Lily Daly graduated over a year ago from the University of Alabama with a BA in English and Creative Writing. She currently still lives in Alabama, dreaming of moving elsewhere and finding a job.

The Nic
Inspired by The New Yorker’s “Aspic”
by Tatyana Tolstoya

posted Jul 5, 2016

Honestly, it’d be sadder if someone understood. Then it’s an understanding, and then it, what, sits like a rock, in the heart of the summer, the heart of the rock untouched as a dream by the heat, rock -solid. Drunk adoration comes surprising. There is a buzzing feeling in your head blood and arm veins. Your eyes are finally alive. You are a Picasso girl, colorful and misshapen and brimming. Exaggerated and underwater. But, wouldn’t you know it, she is not looking at you; her name floats around in my head— Anna Morrison, the blonde from the Faulkner Seminar, my junior year and her senior year (and the gay teacher’s voice reading that Faulkner phrase and temporary; and temporary; and temporary). She is right in front of me now, a little to the side, her back to me, making my unbrushed hair feel like a scraggly thing on the side of the road, like coconut brittle. No glass of water from the bartender is going to rejuvenate. Nothing’s going to give me a makeover now, not my two unclean hands or my lip gloss, so light it could be called lip-lack.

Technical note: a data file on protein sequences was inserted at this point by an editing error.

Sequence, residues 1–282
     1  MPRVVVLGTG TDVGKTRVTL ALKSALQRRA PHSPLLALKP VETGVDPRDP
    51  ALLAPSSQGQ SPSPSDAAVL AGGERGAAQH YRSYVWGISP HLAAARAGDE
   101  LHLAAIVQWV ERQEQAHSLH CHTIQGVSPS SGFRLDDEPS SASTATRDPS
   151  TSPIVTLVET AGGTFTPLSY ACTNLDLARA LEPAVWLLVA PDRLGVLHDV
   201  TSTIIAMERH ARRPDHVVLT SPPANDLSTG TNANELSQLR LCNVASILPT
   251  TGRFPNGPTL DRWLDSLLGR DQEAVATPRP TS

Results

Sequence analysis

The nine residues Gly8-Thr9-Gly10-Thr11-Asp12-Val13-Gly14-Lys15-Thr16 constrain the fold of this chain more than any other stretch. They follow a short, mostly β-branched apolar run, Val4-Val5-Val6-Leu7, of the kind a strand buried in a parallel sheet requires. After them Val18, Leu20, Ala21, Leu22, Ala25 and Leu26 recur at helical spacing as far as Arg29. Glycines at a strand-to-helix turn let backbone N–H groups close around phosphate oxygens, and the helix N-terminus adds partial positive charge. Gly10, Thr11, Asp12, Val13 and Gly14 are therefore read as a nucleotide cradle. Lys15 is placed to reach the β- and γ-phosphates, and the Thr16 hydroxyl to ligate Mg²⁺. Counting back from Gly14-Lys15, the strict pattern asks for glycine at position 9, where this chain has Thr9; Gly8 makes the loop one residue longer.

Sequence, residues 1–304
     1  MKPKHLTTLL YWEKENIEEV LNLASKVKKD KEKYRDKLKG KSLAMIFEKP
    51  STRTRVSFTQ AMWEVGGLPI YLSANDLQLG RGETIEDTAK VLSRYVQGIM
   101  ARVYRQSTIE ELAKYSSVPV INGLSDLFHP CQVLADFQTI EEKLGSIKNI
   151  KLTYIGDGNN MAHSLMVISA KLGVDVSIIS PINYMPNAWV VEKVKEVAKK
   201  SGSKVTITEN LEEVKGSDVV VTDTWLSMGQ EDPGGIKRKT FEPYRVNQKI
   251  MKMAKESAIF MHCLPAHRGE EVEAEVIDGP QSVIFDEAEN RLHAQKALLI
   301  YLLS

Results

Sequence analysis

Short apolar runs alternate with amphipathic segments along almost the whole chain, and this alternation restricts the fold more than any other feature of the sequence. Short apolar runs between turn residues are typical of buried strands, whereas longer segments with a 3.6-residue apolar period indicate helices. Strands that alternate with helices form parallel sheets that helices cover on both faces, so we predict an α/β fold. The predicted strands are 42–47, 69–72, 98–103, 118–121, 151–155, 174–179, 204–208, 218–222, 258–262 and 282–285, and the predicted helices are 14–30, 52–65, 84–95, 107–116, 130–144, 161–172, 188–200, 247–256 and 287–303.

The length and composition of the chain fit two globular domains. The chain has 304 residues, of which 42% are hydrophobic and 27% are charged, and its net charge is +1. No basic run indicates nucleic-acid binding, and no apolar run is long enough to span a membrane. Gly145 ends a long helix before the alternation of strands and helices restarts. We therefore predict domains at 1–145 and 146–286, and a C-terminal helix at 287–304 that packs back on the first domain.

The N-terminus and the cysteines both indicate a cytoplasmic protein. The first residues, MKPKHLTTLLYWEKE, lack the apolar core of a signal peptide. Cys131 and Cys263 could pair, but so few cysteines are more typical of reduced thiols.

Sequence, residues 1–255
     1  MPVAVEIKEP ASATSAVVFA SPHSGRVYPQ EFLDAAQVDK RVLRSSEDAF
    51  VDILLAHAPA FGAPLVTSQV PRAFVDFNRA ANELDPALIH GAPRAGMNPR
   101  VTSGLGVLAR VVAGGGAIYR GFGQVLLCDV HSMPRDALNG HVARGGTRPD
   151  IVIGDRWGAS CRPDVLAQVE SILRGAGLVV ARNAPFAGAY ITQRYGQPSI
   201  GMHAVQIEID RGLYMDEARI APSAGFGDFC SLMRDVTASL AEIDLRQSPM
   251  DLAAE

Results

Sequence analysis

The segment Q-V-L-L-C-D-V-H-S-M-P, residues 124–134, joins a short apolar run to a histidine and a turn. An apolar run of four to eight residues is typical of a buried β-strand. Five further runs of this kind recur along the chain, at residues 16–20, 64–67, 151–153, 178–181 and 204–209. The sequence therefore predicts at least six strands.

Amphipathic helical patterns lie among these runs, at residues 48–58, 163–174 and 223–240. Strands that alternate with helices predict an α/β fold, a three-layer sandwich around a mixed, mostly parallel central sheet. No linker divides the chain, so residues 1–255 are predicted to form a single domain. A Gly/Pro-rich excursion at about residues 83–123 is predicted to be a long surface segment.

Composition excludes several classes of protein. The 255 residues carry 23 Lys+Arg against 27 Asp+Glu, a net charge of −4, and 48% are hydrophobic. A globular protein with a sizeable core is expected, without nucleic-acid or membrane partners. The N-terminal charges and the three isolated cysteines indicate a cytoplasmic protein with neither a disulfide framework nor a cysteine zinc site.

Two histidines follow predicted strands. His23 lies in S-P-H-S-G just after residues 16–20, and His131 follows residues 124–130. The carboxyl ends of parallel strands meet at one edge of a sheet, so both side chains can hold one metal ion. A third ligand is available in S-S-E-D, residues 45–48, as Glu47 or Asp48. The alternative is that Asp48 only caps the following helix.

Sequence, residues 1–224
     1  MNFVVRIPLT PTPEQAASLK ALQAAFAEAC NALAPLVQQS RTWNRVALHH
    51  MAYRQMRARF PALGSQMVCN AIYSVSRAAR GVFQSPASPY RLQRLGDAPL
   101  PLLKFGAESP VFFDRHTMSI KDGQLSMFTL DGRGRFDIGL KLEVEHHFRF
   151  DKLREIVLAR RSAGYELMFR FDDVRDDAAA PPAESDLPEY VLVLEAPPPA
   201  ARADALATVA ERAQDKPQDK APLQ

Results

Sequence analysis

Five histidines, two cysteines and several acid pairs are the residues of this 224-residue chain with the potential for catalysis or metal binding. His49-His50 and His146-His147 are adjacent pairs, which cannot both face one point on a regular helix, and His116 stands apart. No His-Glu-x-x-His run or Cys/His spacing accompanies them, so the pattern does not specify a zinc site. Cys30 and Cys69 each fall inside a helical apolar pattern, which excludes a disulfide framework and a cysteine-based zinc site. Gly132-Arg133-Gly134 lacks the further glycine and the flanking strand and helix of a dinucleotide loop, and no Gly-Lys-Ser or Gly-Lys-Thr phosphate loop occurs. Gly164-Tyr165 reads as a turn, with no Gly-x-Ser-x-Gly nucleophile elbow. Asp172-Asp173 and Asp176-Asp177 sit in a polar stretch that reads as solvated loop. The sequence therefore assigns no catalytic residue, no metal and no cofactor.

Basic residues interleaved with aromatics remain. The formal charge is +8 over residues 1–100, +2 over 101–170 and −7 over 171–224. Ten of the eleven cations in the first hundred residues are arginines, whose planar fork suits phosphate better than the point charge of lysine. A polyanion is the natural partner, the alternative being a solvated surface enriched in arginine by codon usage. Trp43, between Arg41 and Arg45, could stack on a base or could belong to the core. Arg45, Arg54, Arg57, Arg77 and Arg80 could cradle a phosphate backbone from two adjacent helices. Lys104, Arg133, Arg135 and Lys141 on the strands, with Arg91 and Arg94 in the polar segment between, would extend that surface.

It’s a special anticipation, suddenly seeing her, lusting after this blonde girl when you’re straight as a board. Your friends have made out with girls, but you never have, never even wanted to. It’s a sudden hallucination, you and her us hands on throats on hair on knees on eyes, though it surely will pass like a cold or a drowsy drug (Benadryl). What would happen if she did turn and recognize me? It’s a big question mark.

 

But for some reason, it is happening, it will be done.

 

Then near the stage where Tom Wentworth sings. That’s where an Asian college boy is smiling like crazy at me and a guy with a mullet but tattooed in a gutter punk way bobs his head. That’s where Anna Morrison is, standing with a man who looks far too old for her, wearing a toboggan, his face lined and hardened. He’s on drugs. Here in this corner of Birmingham is Anna Morrison, that’s where we are, that’s where sisterhood is, on the chopping block of the night, the axe ready to grind (grind right into mild disappointment, I suspect, into nothingness). To her hair my eyes wander, that thick braid a loaf of bread. Call her to the guillotine. To this night, this schism. It is just us girls. Has it always been this way? Sisterhood is here, sisterhood is getting ready for her next big role, her next piece of meat.

“Frances, that coke line you gave me was Chile. Your line was Argentina.” Mary looks at me and lifts her High-Life to her mouth. Aaah—oooh, she puffs over the glass rim. Puts her lips on the edge, takes a sip, no lip-stick smears because those rubbed off many hours ago. Some people sip like they’re unconscious. Holding Mary’s beer now in my hand, feeling the cold, is sobering- what if suddenly I became very, very happy?